Therefore, it is unfortunate irony that people are so consistently unhappy in a world that is obsessed with happiness. The World Health Organization estimates that 280 million people worldwide suffer from depression, and the Anxiety & Depression Association of America estimates that 40 million people in the United States are afflicted with anxiety. It’s a further grievous incongruity that we are so terrible at understanding what will satisfy us. Affective forecasting refers to the phenomenon of misinterpreting what will make us happy. As humans, we “miswant” a lot of things that we have been conditioned to believe will make us happier than they actually do. How frequently have we experienced a particular kind of deflation following a significant purchase or much-anticipated outing that did not live up to our expectations?

Between self improvement masters, savants and advertisers generally letting us know how to be content, it’s not difficult to get frustrated. How can we find contentment? However enthralling as it could be, that question isn’t the right one. This is one: What if we’re so focused on being happy that we don’t think about whether or not we should be pursuing happiness? Imagine a scenario in which, after two millenniums of discussing the overall advantages of shifting kinds of satisfaction, we could zero in on another, really persevering, more effective profound express that will give us both joy and more huge advantages. Basically, it seems like we are on a circuit, pursuing some unacceptable bunny.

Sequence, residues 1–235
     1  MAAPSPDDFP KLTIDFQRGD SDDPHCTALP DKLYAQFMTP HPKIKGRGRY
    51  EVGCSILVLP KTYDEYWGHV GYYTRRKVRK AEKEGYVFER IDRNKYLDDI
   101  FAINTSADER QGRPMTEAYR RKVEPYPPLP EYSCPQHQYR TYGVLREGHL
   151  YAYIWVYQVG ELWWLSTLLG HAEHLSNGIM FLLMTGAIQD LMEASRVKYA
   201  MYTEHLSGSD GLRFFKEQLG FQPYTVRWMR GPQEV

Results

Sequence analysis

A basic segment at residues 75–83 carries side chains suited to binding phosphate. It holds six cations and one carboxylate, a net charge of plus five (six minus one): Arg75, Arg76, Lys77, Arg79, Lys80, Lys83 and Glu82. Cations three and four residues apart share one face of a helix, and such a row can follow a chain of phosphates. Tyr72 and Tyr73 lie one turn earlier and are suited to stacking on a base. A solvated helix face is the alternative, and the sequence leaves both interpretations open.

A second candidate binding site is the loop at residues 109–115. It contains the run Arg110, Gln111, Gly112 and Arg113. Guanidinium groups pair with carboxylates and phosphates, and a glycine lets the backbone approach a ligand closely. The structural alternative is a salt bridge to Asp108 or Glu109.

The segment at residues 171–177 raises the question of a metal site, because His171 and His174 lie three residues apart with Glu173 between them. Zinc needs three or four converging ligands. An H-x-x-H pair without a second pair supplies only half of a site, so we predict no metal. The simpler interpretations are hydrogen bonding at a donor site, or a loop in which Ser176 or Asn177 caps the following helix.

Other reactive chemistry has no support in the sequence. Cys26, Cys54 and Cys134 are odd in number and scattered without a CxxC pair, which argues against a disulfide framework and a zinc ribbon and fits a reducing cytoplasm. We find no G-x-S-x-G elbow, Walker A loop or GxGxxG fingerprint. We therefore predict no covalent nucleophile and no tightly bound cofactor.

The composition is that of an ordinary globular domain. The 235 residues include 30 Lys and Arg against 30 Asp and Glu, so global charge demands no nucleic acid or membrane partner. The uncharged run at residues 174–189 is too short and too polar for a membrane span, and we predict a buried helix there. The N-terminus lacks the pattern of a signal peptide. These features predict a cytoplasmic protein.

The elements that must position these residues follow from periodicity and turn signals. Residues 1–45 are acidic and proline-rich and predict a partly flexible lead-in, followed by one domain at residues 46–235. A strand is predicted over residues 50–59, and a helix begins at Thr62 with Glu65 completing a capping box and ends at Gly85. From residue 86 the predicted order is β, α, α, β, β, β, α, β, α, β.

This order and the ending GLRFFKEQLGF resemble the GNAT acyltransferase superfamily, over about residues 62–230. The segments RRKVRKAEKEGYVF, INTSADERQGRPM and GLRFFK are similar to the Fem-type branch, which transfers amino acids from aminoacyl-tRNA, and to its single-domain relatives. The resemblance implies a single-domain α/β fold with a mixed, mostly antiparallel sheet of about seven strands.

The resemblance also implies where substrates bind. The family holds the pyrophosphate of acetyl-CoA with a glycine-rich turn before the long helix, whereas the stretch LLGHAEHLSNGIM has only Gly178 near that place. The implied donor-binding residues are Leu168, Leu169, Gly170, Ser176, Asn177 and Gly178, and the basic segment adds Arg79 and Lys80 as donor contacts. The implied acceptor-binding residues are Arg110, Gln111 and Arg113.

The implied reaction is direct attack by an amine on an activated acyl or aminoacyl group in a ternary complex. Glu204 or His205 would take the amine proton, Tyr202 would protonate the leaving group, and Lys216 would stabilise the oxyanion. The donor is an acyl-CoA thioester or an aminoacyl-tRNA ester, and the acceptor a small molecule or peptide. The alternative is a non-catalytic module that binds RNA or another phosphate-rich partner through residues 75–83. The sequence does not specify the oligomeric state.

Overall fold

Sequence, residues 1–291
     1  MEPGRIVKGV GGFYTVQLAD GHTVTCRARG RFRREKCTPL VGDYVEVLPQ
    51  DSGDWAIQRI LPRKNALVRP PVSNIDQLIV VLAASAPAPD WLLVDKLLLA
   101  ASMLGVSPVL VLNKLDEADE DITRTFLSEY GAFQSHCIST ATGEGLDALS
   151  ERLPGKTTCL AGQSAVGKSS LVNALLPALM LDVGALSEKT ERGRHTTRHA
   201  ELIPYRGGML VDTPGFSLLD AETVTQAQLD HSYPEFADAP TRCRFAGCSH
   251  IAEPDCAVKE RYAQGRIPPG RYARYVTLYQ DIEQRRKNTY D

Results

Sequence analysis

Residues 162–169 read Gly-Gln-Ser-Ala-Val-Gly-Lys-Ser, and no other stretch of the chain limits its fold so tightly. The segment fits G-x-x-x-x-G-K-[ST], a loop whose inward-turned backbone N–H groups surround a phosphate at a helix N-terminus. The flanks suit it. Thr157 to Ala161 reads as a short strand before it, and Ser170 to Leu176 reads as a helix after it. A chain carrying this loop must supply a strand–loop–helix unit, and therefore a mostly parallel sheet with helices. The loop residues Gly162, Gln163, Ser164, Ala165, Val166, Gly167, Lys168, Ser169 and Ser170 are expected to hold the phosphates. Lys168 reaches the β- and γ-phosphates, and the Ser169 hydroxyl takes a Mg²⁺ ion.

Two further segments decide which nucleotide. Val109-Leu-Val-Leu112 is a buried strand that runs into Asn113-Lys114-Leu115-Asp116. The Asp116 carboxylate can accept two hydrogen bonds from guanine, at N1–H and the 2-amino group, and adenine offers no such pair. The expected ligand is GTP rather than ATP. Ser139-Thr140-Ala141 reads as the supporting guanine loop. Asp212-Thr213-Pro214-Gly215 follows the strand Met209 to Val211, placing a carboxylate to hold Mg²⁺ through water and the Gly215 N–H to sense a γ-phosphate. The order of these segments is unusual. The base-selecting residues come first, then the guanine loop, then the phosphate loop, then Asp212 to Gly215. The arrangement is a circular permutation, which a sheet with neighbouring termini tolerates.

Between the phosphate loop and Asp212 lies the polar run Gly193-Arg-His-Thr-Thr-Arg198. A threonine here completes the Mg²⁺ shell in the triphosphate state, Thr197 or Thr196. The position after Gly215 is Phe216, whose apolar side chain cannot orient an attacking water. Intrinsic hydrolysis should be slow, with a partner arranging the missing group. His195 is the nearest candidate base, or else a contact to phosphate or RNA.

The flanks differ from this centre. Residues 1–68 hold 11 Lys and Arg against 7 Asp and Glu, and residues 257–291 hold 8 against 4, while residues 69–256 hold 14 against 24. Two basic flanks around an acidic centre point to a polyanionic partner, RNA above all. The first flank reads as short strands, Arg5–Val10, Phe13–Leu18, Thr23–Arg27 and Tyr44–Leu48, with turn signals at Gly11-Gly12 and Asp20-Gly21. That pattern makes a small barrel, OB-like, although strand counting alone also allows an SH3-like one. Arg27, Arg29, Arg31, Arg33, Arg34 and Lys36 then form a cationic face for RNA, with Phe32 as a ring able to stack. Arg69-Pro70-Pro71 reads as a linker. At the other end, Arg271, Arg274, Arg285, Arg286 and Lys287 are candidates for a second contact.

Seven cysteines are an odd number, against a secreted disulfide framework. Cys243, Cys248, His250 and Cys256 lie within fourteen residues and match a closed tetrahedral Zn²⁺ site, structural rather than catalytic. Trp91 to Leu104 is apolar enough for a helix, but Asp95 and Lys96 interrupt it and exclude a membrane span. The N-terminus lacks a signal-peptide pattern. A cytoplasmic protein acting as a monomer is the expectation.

Why not give wonder a shot? Every one of us has encountered wonder. It is a universal feeling just like joy and fear. We are all familiar with the goosebumps we experience when taking in a magnificent view or watching children take their first steps. We are made to feel like a small piece of a larger system as a result of this experience, which makes our issues appear even smaller. Despite the fact that mixed emotions and negative emotions both contribute to a deeper sense of well-being, we all too often choose to sit in the discomfort of mixed emotions rather than the comfort of simple positive emotions like happiness.